To learn more about substance use and substance use disorders, here’s five things to know:

1. Alcohol is the most widely used drug in Australia

And the most prevalent users are young people.

In Australia, research by headspace found 12.7% of people aged 16-24 are estimated to have a substance use disorder.

More young men than young women (around 16% of males and 10% of females) were found to have substance use issues.

Harmful use of alcohol was the most reported substance use disorder.

2. The issues don’t just come from illegal and illicit substances

When we think of harmful drug use, we usually think of illegal drugs, however, alcohol, prescription and over-the-counter medicines can also be used in harmful ways.

This harm can be magnified when these substances are simultaneously consumed.

According to Addiction Centre, these include (but are not limited to) cough medicines, cold medicines, and motion sickness pills.

The non-medical use of pharmaceutical drugs is a present and ongoing public health issue in Australia.

Statistics from the Royal Australian College of General Practitioners (RACGP) show regular annual increases in overdose deaths from pharmaceutical and illegal drugs.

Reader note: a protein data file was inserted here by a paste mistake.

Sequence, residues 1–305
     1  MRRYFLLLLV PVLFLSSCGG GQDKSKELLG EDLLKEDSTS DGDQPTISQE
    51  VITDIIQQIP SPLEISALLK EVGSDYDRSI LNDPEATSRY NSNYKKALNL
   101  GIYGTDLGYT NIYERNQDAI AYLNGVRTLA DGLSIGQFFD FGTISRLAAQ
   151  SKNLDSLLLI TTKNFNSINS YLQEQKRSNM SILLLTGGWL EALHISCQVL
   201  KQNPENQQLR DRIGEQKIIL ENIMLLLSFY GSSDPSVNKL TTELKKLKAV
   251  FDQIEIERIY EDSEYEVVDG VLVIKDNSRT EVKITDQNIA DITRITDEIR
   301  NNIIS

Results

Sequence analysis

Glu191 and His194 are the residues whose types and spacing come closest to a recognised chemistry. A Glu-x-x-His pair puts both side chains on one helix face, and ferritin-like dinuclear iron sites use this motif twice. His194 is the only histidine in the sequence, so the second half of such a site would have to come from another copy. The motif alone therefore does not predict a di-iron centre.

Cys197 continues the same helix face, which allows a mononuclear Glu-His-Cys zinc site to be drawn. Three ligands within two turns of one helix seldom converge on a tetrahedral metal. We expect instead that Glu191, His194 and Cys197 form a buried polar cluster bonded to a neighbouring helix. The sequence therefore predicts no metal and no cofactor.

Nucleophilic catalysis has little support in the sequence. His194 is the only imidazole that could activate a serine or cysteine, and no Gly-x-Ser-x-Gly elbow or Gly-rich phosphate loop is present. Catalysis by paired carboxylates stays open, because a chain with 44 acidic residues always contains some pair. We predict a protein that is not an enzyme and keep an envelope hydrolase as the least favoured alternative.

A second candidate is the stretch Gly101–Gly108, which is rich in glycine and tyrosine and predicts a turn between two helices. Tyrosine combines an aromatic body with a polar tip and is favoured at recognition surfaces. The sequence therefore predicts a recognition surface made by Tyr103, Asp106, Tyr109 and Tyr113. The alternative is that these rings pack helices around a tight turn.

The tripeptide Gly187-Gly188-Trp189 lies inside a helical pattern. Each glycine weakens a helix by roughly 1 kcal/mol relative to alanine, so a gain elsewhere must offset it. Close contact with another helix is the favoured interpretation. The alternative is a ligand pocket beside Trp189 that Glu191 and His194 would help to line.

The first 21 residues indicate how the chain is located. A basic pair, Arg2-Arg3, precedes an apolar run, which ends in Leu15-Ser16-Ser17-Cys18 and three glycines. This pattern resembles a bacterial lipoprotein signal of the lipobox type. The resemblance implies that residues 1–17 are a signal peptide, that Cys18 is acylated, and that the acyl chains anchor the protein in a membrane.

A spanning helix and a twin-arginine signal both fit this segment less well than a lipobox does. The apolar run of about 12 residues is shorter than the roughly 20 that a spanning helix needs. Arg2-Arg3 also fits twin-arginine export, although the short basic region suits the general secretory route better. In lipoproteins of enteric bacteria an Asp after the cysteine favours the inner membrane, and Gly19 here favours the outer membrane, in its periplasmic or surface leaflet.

Similarly, the AIHW has found alcohol-induced deaths reached a 10-year high in 2021 (1,559 deaths), an increase of 7.4 per cent from 2020.

3. Addiction can be a difficult to talk about

Substance use disorders and addiction are complex conditions.

It can be hard to know how to start a conversation if you’re worried about someone – but there are ways to communicate effectively with your loved one.

Some tips from Footprints to Recovery:


  • Be clear and upfront
  • Give them space to respond
  • Set and enforce boundaries
  • Take action alongside them
  • Take advantage of a time when you are both clear-headed to talk
  • Educate yourself


  • Ignore the issue
  • Enable
  • Give ultimatums or threats
  • Discuss concerns when they are under the influence, or their emotions are running high
  • Blame them or yourself

4. How to support a loved one with substance use issues